Facebook Privacy Case Down to One Plaintiff

     SAN JOSE (CN) — Facebook must face claims that it disseminated a woman’s personal information to third parties without her permission, a federal judge ruled.
     U.S. District Judge Ronald Whyte allowed the case to move forward as to plaintiff Wendy Marfeo, finding that she had suffered harm by Facebook sharing her personal and private information despite the tech company’s many assertions it would not do so.
     “The court is not convinced that plaintiffs’ theory of harm is disconnected from Facebook’s alleged breach,” Whyte wrote in the 13-page decision.
     Facebook argued that Marfeo lacked standing to bring the case because she did not suffer damages as a result of the alleged contract breach. Whyte acknowledged that the case is complicated but ultimately allowed Marfeo’s claims to move forward.
     However, he did grant Facebook’s motion to dismiss as to the other plaintiff in the case. Katherine Pohl had joined Marfeo in brining the suit, attempting to convince the federal court to certify the two of them as a class.
     However, Whyte ruled Pohl never clicked on a third-party website while logged onto Facebook during the period in question and as such lacked standing.
     “Facebook’s ad-click data shows that Ms. Pohl’s only ad click during the class period directed Ms. Pohl to the advertiser’s Facebook page, rather than the advertiser’s external website,” Whyte said in the ruling. “Therefore, the referrer header associated with Ms. Pohl’s ad click would have been sent to a Facebook server, rather than any third party advertiser’s server.”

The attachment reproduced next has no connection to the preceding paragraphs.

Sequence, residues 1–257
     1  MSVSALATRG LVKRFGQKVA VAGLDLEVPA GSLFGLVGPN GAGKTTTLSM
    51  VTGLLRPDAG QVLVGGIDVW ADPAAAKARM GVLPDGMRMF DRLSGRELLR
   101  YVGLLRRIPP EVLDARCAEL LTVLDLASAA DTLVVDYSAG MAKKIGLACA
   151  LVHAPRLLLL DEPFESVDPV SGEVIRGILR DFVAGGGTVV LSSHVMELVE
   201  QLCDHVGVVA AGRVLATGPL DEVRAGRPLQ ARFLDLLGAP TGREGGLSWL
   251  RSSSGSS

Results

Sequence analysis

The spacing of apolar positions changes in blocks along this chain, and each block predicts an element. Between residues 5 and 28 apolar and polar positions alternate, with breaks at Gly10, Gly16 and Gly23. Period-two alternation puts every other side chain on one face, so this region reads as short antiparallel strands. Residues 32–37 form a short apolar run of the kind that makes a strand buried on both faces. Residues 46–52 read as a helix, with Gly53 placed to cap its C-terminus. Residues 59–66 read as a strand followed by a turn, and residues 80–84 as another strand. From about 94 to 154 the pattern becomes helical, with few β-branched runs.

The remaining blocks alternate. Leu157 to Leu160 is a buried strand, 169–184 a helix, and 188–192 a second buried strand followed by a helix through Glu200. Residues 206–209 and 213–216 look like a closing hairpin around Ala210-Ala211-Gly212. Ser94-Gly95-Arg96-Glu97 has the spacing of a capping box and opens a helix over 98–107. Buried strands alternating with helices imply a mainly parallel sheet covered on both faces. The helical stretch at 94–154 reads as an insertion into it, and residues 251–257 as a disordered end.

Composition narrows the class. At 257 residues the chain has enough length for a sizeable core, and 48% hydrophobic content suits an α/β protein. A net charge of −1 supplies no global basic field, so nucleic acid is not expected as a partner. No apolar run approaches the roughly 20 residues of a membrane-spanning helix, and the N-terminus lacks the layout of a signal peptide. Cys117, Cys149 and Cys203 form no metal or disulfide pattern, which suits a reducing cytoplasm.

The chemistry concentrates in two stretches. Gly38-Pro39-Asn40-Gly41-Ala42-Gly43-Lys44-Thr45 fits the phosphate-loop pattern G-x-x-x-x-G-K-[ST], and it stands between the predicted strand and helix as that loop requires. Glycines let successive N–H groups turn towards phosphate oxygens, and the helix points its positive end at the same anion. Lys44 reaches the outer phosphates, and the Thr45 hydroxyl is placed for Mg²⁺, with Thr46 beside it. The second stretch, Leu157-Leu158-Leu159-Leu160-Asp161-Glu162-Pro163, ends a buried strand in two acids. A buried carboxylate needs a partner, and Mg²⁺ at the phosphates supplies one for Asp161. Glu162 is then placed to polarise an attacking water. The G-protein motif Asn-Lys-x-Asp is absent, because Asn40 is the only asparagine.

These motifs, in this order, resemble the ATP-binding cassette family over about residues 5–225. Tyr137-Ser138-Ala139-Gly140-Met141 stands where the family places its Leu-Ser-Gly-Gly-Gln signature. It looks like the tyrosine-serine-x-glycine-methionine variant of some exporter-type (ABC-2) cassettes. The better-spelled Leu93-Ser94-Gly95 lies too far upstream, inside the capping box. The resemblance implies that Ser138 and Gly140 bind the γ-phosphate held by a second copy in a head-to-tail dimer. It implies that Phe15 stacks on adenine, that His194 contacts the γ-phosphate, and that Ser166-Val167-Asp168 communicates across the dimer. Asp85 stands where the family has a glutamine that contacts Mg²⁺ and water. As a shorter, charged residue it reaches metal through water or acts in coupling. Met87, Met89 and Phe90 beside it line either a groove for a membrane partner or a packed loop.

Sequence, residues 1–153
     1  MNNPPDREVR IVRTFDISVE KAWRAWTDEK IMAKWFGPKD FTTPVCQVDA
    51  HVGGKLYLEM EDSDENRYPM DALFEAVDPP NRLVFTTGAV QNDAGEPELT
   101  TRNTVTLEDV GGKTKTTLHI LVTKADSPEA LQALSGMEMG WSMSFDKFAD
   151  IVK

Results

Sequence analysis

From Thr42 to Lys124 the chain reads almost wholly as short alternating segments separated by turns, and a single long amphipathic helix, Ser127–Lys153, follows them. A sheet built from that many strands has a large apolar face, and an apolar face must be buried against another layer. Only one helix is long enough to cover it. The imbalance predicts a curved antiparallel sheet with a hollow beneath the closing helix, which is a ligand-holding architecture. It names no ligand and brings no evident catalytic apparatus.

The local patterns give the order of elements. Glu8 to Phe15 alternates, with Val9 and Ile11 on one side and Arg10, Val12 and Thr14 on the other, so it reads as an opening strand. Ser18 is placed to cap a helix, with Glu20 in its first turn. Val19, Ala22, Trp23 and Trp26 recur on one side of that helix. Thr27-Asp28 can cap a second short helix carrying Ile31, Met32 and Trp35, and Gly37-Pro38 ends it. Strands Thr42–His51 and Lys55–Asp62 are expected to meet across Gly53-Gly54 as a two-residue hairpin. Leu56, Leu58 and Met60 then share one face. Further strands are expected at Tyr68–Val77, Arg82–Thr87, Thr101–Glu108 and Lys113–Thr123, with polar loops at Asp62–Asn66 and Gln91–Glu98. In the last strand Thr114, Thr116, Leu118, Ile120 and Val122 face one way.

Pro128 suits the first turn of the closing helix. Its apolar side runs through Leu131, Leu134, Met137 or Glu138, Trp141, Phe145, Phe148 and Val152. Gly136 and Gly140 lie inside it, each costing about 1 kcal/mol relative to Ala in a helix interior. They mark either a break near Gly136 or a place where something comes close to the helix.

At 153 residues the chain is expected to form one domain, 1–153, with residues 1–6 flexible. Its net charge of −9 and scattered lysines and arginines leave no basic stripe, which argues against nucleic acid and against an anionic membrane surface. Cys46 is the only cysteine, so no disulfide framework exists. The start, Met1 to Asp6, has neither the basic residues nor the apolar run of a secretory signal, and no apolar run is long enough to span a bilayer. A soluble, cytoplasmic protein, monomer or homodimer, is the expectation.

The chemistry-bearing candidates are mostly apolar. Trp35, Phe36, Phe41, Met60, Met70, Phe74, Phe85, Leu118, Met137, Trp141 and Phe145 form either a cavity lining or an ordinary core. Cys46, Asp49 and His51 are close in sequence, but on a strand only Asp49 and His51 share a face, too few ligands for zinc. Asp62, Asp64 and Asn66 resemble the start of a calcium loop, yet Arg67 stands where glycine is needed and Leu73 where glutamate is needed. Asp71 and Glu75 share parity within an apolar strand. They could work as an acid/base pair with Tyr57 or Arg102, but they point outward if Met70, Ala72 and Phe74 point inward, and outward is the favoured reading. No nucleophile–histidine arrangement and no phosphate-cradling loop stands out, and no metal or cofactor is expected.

The dispute revolves around “referrer headers”, which is sent to the destination website’s server whenever anyone navigates to a particular website via a link. In other words, when a person clicks on a link to go to a website, the website is often given information about where the user came from — Google, Yahoo, Facebook, Twitter or another similar website.
     Marfeo and Pohl claimed that prior to July 2010 those referrer headers contained personal and private information that was Facebook was contractually bound to protect.
     For instance, Marfeo says that when clicked on an advertisement from Facebook and navigated to that page, the owner of that page was given information that allowed them to personally identify her despite Facebook’s promise that her information was secure.
     “Facebook acknowledges that ‘in theory,’ a recipient of both the ‘ref=profile’ string and a user ID or username would be able to identify the Facebook user who clicked on the ad,” Whyte said in the ruling.
     Facebook said that even if the facts were true, Marfeo could produce zero evidence that a third party took the information and kept it or used it in a manner that harmed her. Therefore, Marfeo did not suffer any harm and lacked Article III standing, according to the social network giant — an argument that proved unpersuasive at this stage in the case.
     The case dates back to August 2010, when several different claims were consolidated under the caption In re Facebook Privacy Litigation.
     The court dismissed the federal and state claims in November 2011. But the Ninth Circuit reversed two of the eight dismissed claims, finding plaintiffs’ allegations were sufficient to support breach of contract and fraud claims.
     The case was remanded back to Federal Court.
     Whyte also issued a heavily redacted order denying class certification, saying the individualized questions in the particular case are greater than any potential common claims between multiple users.
     “We are pleased that the court ruled in our favor and determined that the case should not proceed as a class action,” a Facebook representative said in an email.

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